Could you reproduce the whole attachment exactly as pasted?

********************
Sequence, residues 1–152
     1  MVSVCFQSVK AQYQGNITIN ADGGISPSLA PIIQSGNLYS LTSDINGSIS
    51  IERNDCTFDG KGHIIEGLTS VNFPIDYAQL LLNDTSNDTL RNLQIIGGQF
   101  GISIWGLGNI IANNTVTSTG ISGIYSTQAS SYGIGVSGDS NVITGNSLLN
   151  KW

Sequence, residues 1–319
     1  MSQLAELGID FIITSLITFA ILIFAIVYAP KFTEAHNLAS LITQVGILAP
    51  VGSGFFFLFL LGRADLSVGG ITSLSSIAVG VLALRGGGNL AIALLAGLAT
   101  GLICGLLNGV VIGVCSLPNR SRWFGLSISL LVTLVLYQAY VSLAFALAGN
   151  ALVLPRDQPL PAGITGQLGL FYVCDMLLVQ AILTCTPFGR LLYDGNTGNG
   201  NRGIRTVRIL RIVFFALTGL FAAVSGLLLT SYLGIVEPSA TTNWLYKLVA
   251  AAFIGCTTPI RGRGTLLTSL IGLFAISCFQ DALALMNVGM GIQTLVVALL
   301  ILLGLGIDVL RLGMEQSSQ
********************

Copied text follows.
Sequence, residues 1–152
     1  MVSVCFQSVK AQYQGNITIN ADGGISPSLA PIIQSGNLYS LTSDINGSIS
    51  IERNDCTFDG KGHIIEGLTS VNFPIDYAQL LLNDTSNDTL RNLQIIGGQF
   101  GISIWGLGNI IANNTVTSTG ISGIYSTQAS SYGIGVSGDS NVITGNSLLN
   151  KW

Sequence, residues 1–319
     1  MSQLAELGID FIITSLITFA ILIFAIVYAP KFTEAHNLAS LITQVGILAP
    51  VGSGFFFLFL LGRADLSVGG ITSLSSIAVG VLALRGGGNL AIALLAGLAT
   101  GLICGLLNGV VIGVCSLPNR SRWFGLSISL LVTLVLYQAY VSLAFALAGN
   151  ALVLPRDQPL PAGITGQLGL FYVCDMLLVQ AILTCTPFGR LLYDGNTGNG
   201  NRGIRTVRIL RIVFFALTGL FAAVSGLLLT SYLGIVEPSA TTNWLYKLVA
   251  AAFIGCTTPI RGRGTLLTSL IGLFAISCFQ DALALMNVGM GIQTLVVALL
   301  ILLGLGIDVL RLGMEQSSQ